Luck, apparently, played a huge part the night Australia-based photographer Richard Crawley snapped what is now known as the most iconic photo taken of Mick Jagger while performing on stage!
Crawley himself tells about that fateful evening in a video slideshow uploaded by the ABC Open South West Victoria recently as part of their ABC Open Object Stories Project. He revealed that within three weeks after he emigrated to Australia back in 1973, Jagger’s band The Rolling Stones held a performance at Kooyoung. However, he couldn’t afford a ticket to the show so he decided to fake a press pass under the “Blue Meanie Press.”
Upon getting inside the jam-packed venue, Crawley struggled to get to the front. And if the chaos wasn’t enough, his camera suddenly ran out of film! He had to buy one “from the guy next to me.”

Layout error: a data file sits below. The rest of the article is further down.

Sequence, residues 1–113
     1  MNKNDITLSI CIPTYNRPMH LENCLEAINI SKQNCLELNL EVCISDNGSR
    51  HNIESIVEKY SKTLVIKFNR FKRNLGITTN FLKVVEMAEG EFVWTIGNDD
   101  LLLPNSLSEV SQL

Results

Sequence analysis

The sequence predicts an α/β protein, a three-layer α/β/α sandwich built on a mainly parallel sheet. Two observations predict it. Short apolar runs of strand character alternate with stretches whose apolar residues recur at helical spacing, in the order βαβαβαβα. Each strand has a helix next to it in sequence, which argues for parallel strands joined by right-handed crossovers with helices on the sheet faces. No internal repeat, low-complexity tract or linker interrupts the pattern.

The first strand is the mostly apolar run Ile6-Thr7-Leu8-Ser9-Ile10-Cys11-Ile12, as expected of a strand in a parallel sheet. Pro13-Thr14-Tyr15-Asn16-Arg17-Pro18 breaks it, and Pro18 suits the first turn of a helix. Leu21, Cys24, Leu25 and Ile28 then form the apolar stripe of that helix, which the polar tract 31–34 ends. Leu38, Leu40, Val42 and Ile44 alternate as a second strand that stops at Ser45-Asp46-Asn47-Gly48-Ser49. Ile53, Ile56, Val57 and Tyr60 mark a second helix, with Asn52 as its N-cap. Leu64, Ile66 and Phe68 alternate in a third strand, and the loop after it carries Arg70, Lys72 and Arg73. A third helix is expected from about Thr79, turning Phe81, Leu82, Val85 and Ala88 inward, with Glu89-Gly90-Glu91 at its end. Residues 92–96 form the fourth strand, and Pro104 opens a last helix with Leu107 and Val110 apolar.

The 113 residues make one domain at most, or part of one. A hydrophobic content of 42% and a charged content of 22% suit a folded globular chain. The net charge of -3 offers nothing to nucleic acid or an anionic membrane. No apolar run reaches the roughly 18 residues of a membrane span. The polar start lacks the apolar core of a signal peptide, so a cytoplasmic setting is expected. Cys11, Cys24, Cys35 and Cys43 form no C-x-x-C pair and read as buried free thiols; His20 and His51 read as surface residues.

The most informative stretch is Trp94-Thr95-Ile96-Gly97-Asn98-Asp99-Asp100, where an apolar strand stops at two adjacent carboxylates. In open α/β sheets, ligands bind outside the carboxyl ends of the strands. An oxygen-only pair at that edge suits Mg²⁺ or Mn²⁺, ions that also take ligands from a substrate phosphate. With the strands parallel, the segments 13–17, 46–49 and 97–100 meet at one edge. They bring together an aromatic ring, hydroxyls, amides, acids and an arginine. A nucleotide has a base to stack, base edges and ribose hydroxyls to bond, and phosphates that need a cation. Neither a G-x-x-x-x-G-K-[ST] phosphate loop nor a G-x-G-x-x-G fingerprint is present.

Crawley recalls the moment leading to the instant he finally snapped a shot of the legendary rock star:
And there’s this madness in the front of the stage and suddenly, everyone just moved apart. It’s sort of like the Parting of the Red Sea, and he looked straight at me with his famous, famous, famous image that is now, I suppose, with his hands behind his head and his tongue sticking out… And, of course, the tongue became the logo!
Interestingly, that turned out to be the last shot on the reel. The following day, he sold the photo to Molly Meldrum of the magazine “Go-Set.”
“The front page of the “Go-Set” the next week was, the screaming headline, ‘The Greatest Show on Earth’," Crawley said.
By the way, the camera he used to take this photo was a Minolta SR-T 101!
All information in this article were sourced from ABC Open South West Victoria on Vimeo.